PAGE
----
A Common Core Conversation
I’d like to use comments about my last post as a springboard for today’s. In a reply to the way I’m trying to use the Common Core with my picture book, a writer worried that my CCSS-inspired questions could make my book “less interesting by being turned into a series of didactic, less interesting questions to be answered, and I worry even young children will see it.”
This comment brought me back to the first time I took my then two-year-old to storytime at my local library. It’s a great library, but I was appalled that the children had to sit facing front (albeit on the floor) and pay attention to an authoritative (if fun and friendly) speaker standing before them. I also have to admit that I send that same daughter, now eight, to a Montessori school.
On the other hand, since I’ve begun to pay my own school, book store, and library visits, I’m pretty sure questions can, at least in person, generate interest in and even love for books.
I think I wasn’t clear in my last post. I developed Common Core–inspired questions as part of a larger plan.
1) I wanted to understand the Common Core.
2) I wanted stories, not just non-fiction, to be understood by schools, libraries, and book stores as worthy of Common Core attention. I care about this because I’ve seen little signs placed near shelves with non-fiction at Barnes & Noble, for example, and never near stories. Does the fact that our kids are poor in non-fiction realms, such as STEM subjects, mean that story has to be pushed aside?
3) I want to pay book visits. I like them. But planning for them is surprisingly demanding. By the time I drafted my CCSS-inspired questions, I’d already read + asked questions of my own to several groups, and to kids from two to eight. I decided it would make sense to use my experience with visits and my new understanding of the Common Core to structure future visits. I don’t think my visits will be less fun or interesting because I’ve taken the time to think carefully about how they’ll unfold. Future visits will be very much like what I’ve already done but with less winging it.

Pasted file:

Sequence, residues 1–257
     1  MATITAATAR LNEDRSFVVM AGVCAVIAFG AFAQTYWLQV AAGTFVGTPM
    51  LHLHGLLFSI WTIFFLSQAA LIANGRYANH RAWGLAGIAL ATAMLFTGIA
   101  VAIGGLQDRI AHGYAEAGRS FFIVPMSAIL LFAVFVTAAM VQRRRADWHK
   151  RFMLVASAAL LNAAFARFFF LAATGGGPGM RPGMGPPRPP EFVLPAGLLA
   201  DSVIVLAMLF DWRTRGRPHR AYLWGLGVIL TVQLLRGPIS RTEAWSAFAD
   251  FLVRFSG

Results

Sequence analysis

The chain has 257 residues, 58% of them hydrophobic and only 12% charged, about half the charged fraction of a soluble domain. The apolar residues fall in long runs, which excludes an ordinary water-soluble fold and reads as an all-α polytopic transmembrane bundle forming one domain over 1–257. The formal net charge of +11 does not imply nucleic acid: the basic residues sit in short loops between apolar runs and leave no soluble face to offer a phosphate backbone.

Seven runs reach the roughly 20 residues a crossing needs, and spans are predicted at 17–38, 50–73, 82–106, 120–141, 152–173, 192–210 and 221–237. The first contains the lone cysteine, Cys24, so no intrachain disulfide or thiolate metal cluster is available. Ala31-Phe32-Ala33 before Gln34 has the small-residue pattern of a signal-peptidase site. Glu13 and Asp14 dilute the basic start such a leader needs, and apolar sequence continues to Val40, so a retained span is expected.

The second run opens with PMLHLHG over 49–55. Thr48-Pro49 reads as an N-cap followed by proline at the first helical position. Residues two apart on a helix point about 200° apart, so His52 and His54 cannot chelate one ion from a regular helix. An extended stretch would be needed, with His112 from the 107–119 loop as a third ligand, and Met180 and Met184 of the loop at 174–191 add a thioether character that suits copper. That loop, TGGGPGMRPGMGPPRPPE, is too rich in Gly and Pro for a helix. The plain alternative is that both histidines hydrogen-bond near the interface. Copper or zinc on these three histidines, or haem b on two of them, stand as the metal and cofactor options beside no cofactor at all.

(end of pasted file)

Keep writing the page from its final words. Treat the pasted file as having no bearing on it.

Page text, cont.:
4) Hence, I just (today!) published a revised website for “One Bright Ring” (onebrightring.com), which I’ve been working on for a couple of months. Clicking the Visits button takes people to the section where I describe storytime visits and school visits, and the differences I offer for different ages. For kindergarten through third grade, I offer CCSS-inspired questions for the teachers to see, not the students. I don’t read the questions to the kids, and in my experience so far, kids participate eagerly in oral Q&As.
On my site, I offer PDFs for teachers (and home-schoolers) of first through third grade. These PDFs contain my CCSS-inspired questions, my answers to the questions (and I say up front that many questions don’t have a single answer), and the Common Core standards I use for that grade. Teachers, librarians – whomever! – can use these PDFs, or not, however they wish. I wouldn’t have spent as much time on them as I did if I didn’t hope they would be helpful.
Let me conclude by circling back to my commenter’s fear of incipient didacticism and my own horror of my daughter having to face front and pay attention at the library. These seem like well-founded fears to me even now, despite the body of this post. BUT I also remember very well the day I realized that my college English classes were like church to me, and there couldn’t be a more teacherly, if not didactic, setting.